|Speaker:||Karthik Rajakumar - Texas Instruments
|Author:||Karthik Rajakumar - Texas Instruments
|13.11||From Device Trees to Virtual Prototypes|
|Embedded platforms and associated products are getting smarter day-by-day, thanks to their rapidly increasing complexity. Since software content of these systems is supporting complex features, the overall product development becomes highly complicated and time-consuming. The answer to keeping pace with this innovation is developing Virtual Prototypes (VP). With increasing SoC complexities in embedded-systems, the corresponding pressure to accelerate VP model/platform creation and reduce overall development-time is also increasing. In this context, generation of structural VPs for various IPs and their assembly, plays a key-role in improving overall iteration turnaround-time of generating VP. Current process of developing a VP requires SoC specifications availability. At initial stages, complete specification is generally not available to VP developers. Even if available, manual reading & parsing of information takes significant time and effort, increasing human-error probability. Furthermore, if specification is revised by SoC provider, updating the VP involves repetitive manual iterations that considerably adds to overall platform development-time. The proposed solution addresses these challenges and provides a systematic and innovative way to create structural VPs, using information available in operating system (OS) software (Device Tree, abbreviated as DT from here onwards), along with taking limited inputs from vendor provided IP/platform specification document(s). The flow enables taking minimal user inputs, facilitated by automation-framework, hence significantly reducing efforts in creating complex VP systems with 100’s to 1000’s of models and connections. In this paper, we will present an overview of the proposed flow, details of how complex platforms have been created with our structured and systematic proposed solution, presenting significant gains achieved in overall turnaround-time against the traditional manual flow.|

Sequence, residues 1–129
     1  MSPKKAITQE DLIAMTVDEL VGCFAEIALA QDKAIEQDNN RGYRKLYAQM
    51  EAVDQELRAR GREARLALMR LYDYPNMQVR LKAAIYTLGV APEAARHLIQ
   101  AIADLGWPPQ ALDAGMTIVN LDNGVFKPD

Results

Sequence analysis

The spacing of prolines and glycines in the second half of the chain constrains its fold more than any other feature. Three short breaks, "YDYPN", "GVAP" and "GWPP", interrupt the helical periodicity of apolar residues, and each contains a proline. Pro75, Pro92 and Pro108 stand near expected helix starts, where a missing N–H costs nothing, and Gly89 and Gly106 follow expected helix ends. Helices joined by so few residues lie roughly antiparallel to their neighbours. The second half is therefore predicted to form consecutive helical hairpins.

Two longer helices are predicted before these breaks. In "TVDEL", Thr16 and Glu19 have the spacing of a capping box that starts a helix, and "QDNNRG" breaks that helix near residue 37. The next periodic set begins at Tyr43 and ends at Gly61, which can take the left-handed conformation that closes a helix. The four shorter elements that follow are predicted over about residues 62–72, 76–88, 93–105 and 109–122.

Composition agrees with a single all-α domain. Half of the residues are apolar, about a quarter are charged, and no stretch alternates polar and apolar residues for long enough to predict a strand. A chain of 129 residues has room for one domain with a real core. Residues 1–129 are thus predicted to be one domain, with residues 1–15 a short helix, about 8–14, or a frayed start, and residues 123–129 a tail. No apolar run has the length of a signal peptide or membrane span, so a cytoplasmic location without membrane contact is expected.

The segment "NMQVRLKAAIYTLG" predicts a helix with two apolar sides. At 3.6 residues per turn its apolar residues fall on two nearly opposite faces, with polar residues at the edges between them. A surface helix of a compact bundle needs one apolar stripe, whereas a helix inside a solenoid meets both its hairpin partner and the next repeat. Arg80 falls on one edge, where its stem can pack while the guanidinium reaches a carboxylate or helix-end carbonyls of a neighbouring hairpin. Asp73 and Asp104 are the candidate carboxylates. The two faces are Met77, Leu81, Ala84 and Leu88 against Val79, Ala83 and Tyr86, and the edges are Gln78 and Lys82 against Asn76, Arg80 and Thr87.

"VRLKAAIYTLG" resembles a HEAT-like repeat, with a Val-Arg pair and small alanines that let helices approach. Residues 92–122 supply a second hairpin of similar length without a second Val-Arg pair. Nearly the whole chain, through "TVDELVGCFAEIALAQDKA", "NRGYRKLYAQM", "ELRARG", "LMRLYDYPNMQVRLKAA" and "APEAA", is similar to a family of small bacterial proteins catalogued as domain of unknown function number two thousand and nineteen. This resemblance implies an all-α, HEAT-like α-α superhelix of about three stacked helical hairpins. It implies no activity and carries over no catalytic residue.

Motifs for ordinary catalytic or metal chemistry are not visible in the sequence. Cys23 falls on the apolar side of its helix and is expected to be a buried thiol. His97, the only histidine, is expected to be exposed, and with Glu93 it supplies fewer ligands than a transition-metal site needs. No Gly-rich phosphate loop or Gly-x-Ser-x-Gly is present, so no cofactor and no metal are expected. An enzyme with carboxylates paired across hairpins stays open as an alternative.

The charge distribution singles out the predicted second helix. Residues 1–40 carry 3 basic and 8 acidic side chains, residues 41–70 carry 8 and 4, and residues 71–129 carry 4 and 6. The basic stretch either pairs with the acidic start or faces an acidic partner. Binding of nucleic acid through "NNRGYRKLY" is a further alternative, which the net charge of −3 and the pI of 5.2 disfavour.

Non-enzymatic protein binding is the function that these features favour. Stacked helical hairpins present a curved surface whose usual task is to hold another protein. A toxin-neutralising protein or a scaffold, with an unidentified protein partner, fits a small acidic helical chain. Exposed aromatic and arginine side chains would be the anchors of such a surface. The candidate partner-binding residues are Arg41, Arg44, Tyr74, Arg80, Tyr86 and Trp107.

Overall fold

|Speaker:||Sakshi Arora - Synopsys India Pvt. Ltd.
|Authors:||Sakshi Arora - Synopsys India Pvt. Ltd.
Vikrant Kamboj - Synopsys India Pvt. Ltd.
Preeti Sharma - Synopsys India Pvt. Ltd.
|13.12||Enabling SystemC/TLM-2.0 Compliant Virtual Prototypes With Fault Injection Capability|
|Virtual Prototype (VP) is a well-known approach for early software development and its verification. In the last few years, robustness and safety of the products gaining higher priority especially, automotive, medical, defence applications. This necessitates the need for an easy mechanism to control the simulation behaviour as per the safety critical application needs. E.g., inject faults into registers/bit-fields, driving ports or any other runtime interaction to check the application stability. Since VP is developed using industry standard SystemC and TLM 2.0, it is delivered as an executable binary (shared library, .exe etc.) by the hardware vendors. This makes it difficult to enable VP with runtime interaction capability. There are paid tools available in the industry, which address these problems. However, it introduces strict binding of these tools to the development of VP. In addition, if the VP wants to provide custom runtime interaction possibility. Then, VP team will have to negotiate with tool vendors. Therefore, this paper discusses a unique approach to address these problems for an industry standard SystemC, TLM-2.0 compliant VP’s.|